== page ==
Patents as Primary Sources

Photo, Isaac Singer's 1854 Patent Model...
Mon 27 2010

Ever tried teaching with technology? No, we don't mean Twitter, Facebook, iPods, cutting-edge interactive whiteboards, or even video and DVD players.

We mean patents.

The U.S. Patents and Trademark Office and Google Patents stockpile millions of patents, dating from 1790 to the present. In a July 2010 Organization for American Historians article, Chemical Heritage Foundation fellow Cai Guise-Richardson suggests ways to mine these historical document collections for classroom use.

Maybe you're studying Eli Whitney's cotton gin. What did the original patent look like? Can students decipher what the device does and how it works from the diagrams alone, or is it unclear? What sort of language does Whitney use to describe his invention, and how does he think it will help society?

Ask your students to think about the technology they encounter every day. Do laptops, MP3 players, cars, phones, household appliances—even toys—ever stop changing? No—there's always a new model or a different brand to buy. Inventions in the past developed in the same way. Try a Google Patent search for "cotton gin" to discover just how many variations and improvements on Whitney's invention eager inventors have developed since 1794, when Whitney first patented his design.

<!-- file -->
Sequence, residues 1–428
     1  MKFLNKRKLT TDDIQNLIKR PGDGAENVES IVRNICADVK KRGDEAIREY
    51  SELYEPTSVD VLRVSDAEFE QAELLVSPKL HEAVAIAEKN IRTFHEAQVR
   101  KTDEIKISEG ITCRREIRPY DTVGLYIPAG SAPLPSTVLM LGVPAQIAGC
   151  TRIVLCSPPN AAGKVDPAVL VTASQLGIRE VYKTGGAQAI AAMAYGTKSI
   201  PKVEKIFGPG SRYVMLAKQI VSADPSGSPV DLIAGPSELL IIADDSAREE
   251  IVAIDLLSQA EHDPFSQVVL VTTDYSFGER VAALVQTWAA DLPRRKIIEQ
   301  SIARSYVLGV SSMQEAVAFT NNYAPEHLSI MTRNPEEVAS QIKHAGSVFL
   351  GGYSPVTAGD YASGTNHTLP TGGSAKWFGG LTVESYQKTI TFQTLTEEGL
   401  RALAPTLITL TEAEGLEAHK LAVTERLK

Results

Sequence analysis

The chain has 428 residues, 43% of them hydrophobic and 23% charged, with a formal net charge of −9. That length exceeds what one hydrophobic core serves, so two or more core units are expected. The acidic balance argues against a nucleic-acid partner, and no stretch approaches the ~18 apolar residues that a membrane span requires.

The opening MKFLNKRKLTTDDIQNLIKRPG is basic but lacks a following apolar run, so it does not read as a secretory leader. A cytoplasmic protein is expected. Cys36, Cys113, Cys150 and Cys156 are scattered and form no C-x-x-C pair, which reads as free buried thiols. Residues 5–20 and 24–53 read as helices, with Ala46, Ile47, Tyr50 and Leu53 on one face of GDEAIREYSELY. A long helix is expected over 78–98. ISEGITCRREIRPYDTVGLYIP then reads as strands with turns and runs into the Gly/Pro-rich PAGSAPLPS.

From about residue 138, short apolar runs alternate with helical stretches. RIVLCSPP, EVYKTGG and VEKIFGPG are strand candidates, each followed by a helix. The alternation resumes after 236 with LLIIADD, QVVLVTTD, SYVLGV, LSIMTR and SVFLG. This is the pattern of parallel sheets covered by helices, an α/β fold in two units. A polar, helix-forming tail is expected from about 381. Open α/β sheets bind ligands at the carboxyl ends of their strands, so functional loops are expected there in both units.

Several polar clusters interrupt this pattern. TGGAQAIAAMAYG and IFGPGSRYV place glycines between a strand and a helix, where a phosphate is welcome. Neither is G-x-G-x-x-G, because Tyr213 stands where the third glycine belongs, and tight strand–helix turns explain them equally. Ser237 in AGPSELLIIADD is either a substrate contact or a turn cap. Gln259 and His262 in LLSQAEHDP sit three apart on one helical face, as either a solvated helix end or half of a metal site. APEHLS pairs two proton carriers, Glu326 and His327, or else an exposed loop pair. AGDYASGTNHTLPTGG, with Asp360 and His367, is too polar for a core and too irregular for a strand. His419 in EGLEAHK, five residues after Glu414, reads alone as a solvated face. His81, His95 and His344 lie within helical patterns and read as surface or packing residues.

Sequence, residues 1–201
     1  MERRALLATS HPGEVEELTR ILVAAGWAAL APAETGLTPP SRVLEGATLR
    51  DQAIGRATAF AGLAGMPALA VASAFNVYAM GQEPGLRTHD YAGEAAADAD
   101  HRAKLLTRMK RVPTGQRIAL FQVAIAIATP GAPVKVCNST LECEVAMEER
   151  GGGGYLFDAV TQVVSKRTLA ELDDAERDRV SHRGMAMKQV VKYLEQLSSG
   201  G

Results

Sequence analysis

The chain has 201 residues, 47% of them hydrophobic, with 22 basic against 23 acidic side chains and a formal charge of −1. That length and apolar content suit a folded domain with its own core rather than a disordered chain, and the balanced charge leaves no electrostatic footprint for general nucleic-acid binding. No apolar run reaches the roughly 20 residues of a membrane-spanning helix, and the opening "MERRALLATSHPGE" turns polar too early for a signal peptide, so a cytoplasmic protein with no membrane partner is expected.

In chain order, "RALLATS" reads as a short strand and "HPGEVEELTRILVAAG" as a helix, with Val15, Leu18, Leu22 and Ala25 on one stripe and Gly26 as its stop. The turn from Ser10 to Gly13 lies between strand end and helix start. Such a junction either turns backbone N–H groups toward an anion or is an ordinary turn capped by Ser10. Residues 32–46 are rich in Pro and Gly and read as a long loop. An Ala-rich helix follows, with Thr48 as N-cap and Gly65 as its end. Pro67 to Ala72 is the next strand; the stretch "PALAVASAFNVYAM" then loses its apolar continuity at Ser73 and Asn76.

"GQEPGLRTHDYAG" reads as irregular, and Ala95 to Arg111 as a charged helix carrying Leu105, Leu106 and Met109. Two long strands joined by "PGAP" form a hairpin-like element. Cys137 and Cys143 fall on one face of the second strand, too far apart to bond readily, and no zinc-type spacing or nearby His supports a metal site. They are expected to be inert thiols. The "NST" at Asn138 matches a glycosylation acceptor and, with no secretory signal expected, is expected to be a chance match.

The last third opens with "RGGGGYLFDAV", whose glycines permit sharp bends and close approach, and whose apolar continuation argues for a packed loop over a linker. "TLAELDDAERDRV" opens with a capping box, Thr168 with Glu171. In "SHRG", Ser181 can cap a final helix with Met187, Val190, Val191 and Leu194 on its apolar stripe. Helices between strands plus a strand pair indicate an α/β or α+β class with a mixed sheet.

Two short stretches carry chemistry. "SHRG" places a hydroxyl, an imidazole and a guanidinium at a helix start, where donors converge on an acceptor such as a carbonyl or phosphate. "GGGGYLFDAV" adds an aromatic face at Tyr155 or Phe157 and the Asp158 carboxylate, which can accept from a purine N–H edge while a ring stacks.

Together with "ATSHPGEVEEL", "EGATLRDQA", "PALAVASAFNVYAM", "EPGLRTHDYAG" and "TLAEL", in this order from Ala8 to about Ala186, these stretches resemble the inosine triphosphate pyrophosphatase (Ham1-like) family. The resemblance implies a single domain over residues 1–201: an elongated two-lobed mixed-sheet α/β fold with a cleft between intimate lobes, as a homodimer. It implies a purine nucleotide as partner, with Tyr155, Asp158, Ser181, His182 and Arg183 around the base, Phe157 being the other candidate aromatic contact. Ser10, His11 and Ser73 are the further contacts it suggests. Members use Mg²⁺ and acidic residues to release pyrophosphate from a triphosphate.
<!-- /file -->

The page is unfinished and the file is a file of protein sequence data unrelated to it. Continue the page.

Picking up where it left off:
Try an advanced search using a word and a date. In 1901, were there any patents containing the word "genetics?" Probably not. What about in 1954, the year after scientists Watson, Crick, and Franklin discovered the structure of DNA? How about in 1990?

Think of other terms that might show up frequently in patents in different time periods. Is "bomb shelter" more frequent after World War II? How were radioactive substances used before they were proved dangerous? Consider this 1925 patent suggesting that rendering food and water radioactive will help prevent disease and preserve freshness. Do students think we're using any inventions today that we'll wish we hadn't in the future? What sorts of words and phrases do they think would show up frequently in patents today?

Pick a phrase or an invention and start exploring! Refer to Guise-Richardson's article for more suggestions if you have difficulty searching or run dry of ideas.

About the Author

Lara Harmon is a Senior Research Associate for She received her BA from George Mason University.